Thinking Fans Comment Update: James wonders, “Where’s the happiness in Oakdale?” … likewise, Steve says Oakdale has become “a bitter, mean-spirited place” … and more. See Comments below.
By Patrick Erwin
As The World Turns may be the second oldest soap, but this year, the show burned through storylines at warp speed. There has been a tremendous amount of action onscreen, as well as behind the scenes, in 2008 at ATWT.
But interestingly enough, the general mood of the show seems to be back to where it started in 2008 — in a cloud of darkness.
Back in February, I shared my opinion about how incredibly dark the mood on the show had been. It was almost a chore to watch at that point, with classic characters who had lost their balance (Dusty, Paul and Craig, to name three) who had been painted into a dark corner.
Shortly after I wrote about the dim mood at ATWT, the darkness seemed to move on and the show focused on other stories. Though there were other catastrophes that we saw on screen — like Margo’s fatal fight with Gray Gerard and the mess with Ameera, Luke and Noah — they seemed much more relatable and much less depressing than the previous stories, which included forced miscarriages (!) and other gloomy plotlines.
And we saw some brighter stories on our screens. I’ve said before that one of the brightest, and one of my favorites, was the charming Emily/Casey coupling. It took the queen of suffering (Emily) and put a smile on her face. It also galvanized so many favorites around the couple — Tom, Margo and Emily to name three.
That’s one of the most frustrating things about ATWT‘s dual-sided identity — because when ATWT gets it right, it can be the best and strongest show on the air. Stories like Emily and Casey underscore generations of family history (on both sides) and inject fun into what’s been an increasingly dark and misogynistic genre.
The show added touches of humor and fun several times this year, with the pairing of Brad and Katie and the introduction of Janet and Liberty. I love Julie Pinson’s Janet, the kind of relatable character that I love to see on screen. (Though I agree with most ATWT fans that Janet and daughter Liberty were overexposed when they first came to town.)
ATWT has also had some of the most interesting plot twists of the year. I was especially encouraged by the Brian/Lucinda storyline, and the subsequent forbidden smooch between Brian and step-grandson Luke. It’s an old-fashioned storyline with a modern wrinkle. It’s messy and soapy, with no villians. And it shows, in dramatic fashion, what happens when people are forced to deny their own feelings.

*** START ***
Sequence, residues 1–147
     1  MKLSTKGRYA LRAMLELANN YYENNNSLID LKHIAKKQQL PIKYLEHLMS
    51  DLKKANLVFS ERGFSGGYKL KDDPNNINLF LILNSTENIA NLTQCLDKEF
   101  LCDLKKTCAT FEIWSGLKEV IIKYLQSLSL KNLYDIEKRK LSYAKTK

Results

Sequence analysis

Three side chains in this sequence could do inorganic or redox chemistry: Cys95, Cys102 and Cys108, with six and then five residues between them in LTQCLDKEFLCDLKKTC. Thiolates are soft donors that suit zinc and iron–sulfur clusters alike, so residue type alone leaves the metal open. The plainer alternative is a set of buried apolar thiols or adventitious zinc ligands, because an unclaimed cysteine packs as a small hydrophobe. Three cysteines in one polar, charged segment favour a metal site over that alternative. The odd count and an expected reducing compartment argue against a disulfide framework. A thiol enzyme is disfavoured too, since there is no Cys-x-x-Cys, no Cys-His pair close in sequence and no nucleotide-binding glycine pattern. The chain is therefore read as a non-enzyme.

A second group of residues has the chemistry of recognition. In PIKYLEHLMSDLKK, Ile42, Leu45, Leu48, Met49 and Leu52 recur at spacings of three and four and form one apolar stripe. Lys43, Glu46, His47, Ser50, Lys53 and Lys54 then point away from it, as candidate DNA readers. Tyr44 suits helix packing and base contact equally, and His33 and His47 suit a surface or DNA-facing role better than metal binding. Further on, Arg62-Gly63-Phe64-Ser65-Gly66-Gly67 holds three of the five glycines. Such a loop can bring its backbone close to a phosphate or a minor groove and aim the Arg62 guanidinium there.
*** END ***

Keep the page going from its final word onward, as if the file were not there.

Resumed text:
But with the year coming to a close, we’ve been pushed back into a fog of darkness. The character of Dusty returned, and with him came the darkness that surrounded him when he left.
The monochromatic version of Craig has also returned. I have to say that thus far, I have enjoyed Jon Lindstrom’s take on Craig — this Craig reminds me a bit of Frasier Crane! But onscreen, Craig is still coming across as an unstable force, instead of the man with clay feet we loved so much.
And worst of all, we’ve been forced to sit through Paul and Meg front and center on our screens. The show has been committed to “Peg” as their money couple, and I’m at a complete loss as to why. These two characters have been mired in misery since day one.
And both Paul and Meg have strayed so far from who they were originally. With Barbara and James Stenbeck as parents, it might be understandable that Paul would cross over to the dark side, but this version of Meg is hard to believe. The Meg we knew before was hardly a damsel in distress — she was a player who worked with Holden to break up Lily and Dusty and took on big fish like Tonio Reyes.
Marie Wilson and Roger Howarth are certainly talented performers, but after two years I still can’t buy these two. Wilson is miscast and Howarth seems to be stuck playing a variation on his previous role, One Life to Live‘s Todd.
It’s no mystery why ATWT and other shows like these dark, dramatic storylines — they bring in eyeballs and ratings. I just read that ATWT‘s ratings rose when Craig returned, and we know that shows like General Hospital are bathed in misery and misogyny, which translate to high ratings.
But as a longtime ATWT fan (22 years), I wish the show could reconcile its schizophrenic nature and balance its canvas between darkness and light. With so many veteran actors and familiar characters, ATWT is a show where I can still recognize the town, people and characters at least some of the time. I hope that neighborhood is around for years to come.